Boyfriend draws 70-month prison sentence in case involving child’s death from house fire
06/26/2014 2:59 PM
08/08/2014 10:25 AM
Correction: Adrian Johnson was sentenced to 70 months in prison. An earlier version of this story was incorrect.
A man who was supposed to be watching his girlfriend’s children when one died in a Wichita house fire was sentenced Thursday to 70 months in prison.
Adrian C. Johnson, 24, was handed the sentence by Sedgwick District Court Judge Joseph Bribiesca a day after the children’s mother was given 36 months probation.
Johnson’s prison time includes 19 months for three counts of child endangerment. Fifty-one months of his sentence are for two separate cases that resulted in guilty pleas to three felony counts of drug possession.
Johnson also had a prior conviction in a 2009 theft case in Sedgwick County, according to Kansas Department of Corrections records.
Ruthie Bell had left three of her children – ages 4 to 7 at the time – with Johnson at her southeast Wichita house on July 11 while she went to work at her state-paid job to care for her mother. Johnson later left the house, leaving the children alone.
Bell’s 6-year-old daughter, Ja’Kara Dickson, began playing with a lighter about 7 p.m., catching her clothes and the house on fire. Ja’Kara died two days later from the burns. Her two sisters weren’t seriously injured.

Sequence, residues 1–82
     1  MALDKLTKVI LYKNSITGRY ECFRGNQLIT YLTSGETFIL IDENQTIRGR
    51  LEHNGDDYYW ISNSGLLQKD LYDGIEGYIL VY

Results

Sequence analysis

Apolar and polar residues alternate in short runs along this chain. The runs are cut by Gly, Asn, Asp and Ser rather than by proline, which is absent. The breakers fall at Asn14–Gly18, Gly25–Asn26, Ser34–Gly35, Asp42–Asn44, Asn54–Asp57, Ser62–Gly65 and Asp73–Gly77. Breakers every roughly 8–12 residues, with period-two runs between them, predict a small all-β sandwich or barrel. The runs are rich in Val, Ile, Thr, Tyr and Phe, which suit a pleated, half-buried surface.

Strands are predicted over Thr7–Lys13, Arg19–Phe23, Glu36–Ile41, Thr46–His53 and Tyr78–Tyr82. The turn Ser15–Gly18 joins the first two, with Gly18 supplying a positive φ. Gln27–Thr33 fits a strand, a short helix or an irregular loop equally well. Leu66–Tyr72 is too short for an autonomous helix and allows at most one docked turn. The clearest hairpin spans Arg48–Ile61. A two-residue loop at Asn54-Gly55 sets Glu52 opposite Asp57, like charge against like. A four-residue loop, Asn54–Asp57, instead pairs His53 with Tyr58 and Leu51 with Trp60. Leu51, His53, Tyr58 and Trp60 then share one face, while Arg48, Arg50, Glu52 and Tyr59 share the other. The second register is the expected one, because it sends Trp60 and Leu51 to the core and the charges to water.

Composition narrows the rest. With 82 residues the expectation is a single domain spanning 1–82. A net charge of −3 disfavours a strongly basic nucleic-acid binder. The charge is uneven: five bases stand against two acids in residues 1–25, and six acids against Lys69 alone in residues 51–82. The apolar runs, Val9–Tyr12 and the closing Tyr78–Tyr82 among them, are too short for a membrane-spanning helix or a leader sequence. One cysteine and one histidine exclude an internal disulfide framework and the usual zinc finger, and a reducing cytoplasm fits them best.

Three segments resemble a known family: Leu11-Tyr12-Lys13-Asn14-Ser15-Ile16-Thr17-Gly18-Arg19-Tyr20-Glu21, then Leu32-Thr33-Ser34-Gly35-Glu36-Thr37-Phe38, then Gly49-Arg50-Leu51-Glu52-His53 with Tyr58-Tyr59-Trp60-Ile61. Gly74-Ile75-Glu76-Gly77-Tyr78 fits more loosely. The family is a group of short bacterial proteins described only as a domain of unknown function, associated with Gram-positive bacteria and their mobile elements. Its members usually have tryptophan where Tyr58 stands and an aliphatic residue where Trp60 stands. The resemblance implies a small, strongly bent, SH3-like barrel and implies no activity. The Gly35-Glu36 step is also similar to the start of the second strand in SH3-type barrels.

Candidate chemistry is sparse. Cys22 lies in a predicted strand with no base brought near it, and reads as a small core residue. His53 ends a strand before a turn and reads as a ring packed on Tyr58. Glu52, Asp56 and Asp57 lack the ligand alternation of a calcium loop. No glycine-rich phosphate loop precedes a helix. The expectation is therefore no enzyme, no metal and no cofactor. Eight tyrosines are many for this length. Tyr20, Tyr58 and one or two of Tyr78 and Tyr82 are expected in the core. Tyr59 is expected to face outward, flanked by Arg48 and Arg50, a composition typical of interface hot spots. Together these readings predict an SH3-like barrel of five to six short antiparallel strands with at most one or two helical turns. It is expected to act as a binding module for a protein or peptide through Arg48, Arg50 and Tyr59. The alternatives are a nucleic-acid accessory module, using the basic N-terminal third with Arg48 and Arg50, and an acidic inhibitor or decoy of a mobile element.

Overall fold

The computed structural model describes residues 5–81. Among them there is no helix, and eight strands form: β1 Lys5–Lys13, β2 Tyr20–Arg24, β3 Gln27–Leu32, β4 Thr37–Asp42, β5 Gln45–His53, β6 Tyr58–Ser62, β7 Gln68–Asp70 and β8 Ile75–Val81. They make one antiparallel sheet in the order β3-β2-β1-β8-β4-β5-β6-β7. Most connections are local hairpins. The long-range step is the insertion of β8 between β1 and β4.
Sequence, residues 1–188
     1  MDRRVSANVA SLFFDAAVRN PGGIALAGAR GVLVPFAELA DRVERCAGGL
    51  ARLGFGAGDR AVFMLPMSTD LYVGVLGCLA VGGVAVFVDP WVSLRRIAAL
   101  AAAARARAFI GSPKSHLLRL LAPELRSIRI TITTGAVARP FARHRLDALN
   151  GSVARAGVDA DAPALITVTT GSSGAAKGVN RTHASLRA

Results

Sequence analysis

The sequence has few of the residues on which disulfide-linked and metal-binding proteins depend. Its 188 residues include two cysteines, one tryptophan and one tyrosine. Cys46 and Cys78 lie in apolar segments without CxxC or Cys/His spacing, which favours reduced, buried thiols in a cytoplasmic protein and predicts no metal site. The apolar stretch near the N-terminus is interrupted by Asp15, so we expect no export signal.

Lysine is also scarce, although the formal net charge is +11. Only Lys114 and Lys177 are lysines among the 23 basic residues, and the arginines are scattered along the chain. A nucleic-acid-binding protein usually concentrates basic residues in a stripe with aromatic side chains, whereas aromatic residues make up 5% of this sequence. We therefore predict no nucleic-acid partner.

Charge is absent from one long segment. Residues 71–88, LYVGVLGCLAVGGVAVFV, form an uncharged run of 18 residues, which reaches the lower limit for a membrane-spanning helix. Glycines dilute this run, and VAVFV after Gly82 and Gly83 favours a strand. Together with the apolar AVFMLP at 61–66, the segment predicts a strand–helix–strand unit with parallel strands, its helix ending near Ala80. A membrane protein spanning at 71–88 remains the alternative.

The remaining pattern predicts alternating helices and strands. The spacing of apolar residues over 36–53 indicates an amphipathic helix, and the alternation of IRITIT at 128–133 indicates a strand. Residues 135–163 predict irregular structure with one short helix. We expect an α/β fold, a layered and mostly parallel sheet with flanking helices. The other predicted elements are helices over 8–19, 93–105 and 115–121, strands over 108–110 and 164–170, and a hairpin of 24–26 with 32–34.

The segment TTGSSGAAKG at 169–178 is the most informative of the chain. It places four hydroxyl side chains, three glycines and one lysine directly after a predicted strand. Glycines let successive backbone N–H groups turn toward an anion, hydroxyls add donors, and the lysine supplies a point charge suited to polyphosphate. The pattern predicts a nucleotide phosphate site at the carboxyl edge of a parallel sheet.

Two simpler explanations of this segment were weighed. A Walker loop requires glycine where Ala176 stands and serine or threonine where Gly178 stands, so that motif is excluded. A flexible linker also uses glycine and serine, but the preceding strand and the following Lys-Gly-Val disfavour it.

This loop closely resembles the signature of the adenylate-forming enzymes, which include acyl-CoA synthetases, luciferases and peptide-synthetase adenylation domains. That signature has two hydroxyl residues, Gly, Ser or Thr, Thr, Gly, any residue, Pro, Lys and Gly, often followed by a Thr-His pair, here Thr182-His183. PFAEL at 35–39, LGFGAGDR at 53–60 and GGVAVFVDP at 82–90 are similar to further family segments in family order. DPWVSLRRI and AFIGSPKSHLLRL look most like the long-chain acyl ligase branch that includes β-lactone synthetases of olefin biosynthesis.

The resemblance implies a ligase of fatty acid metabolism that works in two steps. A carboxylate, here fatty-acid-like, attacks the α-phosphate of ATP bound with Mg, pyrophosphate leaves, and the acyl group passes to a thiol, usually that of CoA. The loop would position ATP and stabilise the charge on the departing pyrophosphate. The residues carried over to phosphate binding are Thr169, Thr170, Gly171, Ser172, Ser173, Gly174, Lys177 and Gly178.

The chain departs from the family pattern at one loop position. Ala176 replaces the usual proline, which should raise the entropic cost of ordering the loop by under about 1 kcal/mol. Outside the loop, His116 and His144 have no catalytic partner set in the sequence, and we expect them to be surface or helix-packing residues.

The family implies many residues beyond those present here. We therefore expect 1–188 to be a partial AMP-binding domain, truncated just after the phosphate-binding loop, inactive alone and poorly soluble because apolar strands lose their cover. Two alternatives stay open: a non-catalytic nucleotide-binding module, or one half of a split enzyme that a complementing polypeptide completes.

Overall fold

Bell pleaded no contest last month to three counts of endangering a child and two counts of aggravated interference with parental custody.
Johnson pleaded guilty last month to three counts of child endangerment and the drug charges.
His drug cases go back to August 2012, when he was charged with two counts of possession – one for Ecstasy, one for marijuana. That case was continued multiple times before he was charged in January 2013 with possession again of marijuana.
Johnson received probation for the 2009 theft conviction. But he violated conditions of that probation and was sentenced to 3 1/2 weeks in prison in January 2010, said Jeremy Barclay, a spokesman for KDOC.
The state has custody of Bell’s five children, including two others younger than the ones who were at the house at the time of the fire. Bell is involved in an ongoing child-in-need-of-care case in attempt to regain custody of the children.
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